Following our meeting, I undertook to speak to Andrew Bailey, the chief executive. We are due to meet every few months, and our next meeting is imminent. I will speak to him about that. A number of live investigations are under way; I do not have investigative power myself, but I will take a close interest in those investigations. Individual companies—I will not name them—are being actively investigated now, and I expect the FCA to make announcements and recommendations consequent to those investigations imminently. I am not privy to the detail, but I am taking a close interest and will be speaking to the chief executive, because I realise that time is pressing on. This morning we have heard vivid accounts of individuals and families ruined by these decisions, and I take the matter seriously.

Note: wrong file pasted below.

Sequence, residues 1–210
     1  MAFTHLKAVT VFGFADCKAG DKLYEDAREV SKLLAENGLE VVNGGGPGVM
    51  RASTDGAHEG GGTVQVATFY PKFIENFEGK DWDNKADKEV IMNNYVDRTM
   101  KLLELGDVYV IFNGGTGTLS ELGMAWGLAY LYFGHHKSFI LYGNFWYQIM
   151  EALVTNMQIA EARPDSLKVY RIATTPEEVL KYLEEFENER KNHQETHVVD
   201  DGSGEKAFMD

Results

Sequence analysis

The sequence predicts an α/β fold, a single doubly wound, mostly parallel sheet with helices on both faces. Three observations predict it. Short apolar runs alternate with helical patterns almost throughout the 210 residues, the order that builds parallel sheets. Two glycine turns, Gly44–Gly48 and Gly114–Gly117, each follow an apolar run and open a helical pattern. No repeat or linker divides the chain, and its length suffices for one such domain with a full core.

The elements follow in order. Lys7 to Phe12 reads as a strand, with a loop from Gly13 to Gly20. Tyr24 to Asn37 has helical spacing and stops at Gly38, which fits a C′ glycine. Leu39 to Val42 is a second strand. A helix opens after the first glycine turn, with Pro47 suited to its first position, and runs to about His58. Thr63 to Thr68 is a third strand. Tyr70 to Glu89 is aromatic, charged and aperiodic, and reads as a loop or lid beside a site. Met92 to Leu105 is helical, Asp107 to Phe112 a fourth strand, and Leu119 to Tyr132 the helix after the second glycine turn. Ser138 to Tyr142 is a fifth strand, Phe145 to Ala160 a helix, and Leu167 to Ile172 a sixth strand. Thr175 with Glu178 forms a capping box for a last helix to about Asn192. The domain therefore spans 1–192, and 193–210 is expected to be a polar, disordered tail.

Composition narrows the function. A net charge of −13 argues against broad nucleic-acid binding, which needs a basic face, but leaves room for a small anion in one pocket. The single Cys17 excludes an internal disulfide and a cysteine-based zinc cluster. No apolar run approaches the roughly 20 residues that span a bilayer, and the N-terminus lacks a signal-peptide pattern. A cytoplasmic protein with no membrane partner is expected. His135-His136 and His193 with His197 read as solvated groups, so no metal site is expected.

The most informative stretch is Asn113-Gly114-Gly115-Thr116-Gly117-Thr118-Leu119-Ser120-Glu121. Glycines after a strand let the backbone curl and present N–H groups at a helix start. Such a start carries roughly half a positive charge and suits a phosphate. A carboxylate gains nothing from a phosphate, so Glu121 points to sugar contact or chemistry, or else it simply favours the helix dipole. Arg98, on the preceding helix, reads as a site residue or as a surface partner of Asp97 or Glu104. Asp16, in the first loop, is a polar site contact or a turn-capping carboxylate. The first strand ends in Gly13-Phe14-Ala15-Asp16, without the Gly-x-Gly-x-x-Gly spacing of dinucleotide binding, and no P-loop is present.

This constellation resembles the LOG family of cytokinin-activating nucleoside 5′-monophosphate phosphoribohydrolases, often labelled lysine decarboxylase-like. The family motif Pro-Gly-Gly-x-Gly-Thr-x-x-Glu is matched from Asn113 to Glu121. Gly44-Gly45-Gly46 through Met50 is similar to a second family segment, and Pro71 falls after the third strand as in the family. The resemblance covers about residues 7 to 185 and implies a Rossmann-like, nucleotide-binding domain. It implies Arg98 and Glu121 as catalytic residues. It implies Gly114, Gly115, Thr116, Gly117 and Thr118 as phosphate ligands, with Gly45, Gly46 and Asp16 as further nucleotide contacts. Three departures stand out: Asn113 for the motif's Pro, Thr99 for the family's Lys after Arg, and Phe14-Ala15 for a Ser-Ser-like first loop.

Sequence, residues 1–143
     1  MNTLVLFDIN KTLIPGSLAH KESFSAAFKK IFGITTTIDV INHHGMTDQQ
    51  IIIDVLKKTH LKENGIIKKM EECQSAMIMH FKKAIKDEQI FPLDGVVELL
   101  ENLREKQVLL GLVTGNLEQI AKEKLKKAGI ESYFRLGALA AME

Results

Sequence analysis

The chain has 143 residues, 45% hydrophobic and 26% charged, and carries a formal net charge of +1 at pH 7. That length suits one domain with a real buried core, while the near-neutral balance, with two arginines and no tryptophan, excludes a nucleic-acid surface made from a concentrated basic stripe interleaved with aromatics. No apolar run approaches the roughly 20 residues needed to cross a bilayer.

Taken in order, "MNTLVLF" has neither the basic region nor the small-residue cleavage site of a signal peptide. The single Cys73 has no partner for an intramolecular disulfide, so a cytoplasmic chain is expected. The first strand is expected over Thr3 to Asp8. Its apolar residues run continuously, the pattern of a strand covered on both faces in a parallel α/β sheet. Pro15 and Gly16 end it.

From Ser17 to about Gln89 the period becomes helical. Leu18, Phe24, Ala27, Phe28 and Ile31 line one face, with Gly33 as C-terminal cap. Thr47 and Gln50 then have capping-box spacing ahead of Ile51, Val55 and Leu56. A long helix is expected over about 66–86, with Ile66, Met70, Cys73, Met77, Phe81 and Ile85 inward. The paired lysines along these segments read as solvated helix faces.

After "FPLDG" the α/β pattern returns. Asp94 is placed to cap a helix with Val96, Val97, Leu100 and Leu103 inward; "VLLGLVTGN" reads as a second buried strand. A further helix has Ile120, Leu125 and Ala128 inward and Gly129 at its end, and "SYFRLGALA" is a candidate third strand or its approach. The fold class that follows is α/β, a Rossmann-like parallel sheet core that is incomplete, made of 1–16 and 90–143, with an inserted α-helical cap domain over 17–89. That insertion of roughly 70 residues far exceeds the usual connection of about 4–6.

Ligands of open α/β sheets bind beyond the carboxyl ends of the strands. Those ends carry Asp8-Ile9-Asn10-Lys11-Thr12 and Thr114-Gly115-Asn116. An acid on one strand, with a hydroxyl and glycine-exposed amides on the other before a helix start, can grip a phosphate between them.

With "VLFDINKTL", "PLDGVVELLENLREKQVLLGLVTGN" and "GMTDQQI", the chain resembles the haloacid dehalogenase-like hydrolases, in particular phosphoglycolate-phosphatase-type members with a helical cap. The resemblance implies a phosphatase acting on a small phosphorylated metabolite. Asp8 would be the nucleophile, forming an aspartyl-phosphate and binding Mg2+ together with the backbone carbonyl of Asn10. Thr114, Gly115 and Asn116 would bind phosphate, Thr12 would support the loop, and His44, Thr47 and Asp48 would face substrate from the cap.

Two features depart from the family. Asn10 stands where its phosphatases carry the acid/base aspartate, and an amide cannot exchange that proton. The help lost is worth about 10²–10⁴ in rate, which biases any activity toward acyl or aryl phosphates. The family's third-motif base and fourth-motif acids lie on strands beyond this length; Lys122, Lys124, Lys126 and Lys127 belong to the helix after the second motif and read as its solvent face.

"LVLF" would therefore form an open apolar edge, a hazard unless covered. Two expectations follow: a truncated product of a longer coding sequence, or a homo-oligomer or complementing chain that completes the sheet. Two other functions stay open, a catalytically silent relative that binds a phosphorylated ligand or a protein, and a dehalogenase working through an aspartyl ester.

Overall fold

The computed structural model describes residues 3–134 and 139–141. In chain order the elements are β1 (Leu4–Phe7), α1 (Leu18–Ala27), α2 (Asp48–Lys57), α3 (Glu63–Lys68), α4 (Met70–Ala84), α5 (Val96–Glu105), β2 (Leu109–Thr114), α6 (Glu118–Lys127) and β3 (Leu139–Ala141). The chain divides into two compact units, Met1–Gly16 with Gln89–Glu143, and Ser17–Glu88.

To get back to my script, the FCA leads on financial advice and has considerable power to act against firms and individuals who provide negligent advice. To be clear: the FCA can impose a financial penalty on a firm, require the firm to pay redress to its customers, restrict the firm’s permissions, or prohibit individuals from operating in financial services. The FCA can bring criminal prosecutions. I hear the enthusiasm for that action being taken, and I think the FCA hears it too, but it works closely with other organisations to support criminal prosecutions. Both the Government and the FCA are targeting their attention on the effective regulation of financial services and wider work to tackle scams, including the recent implementation of a ban on pensions cold calling.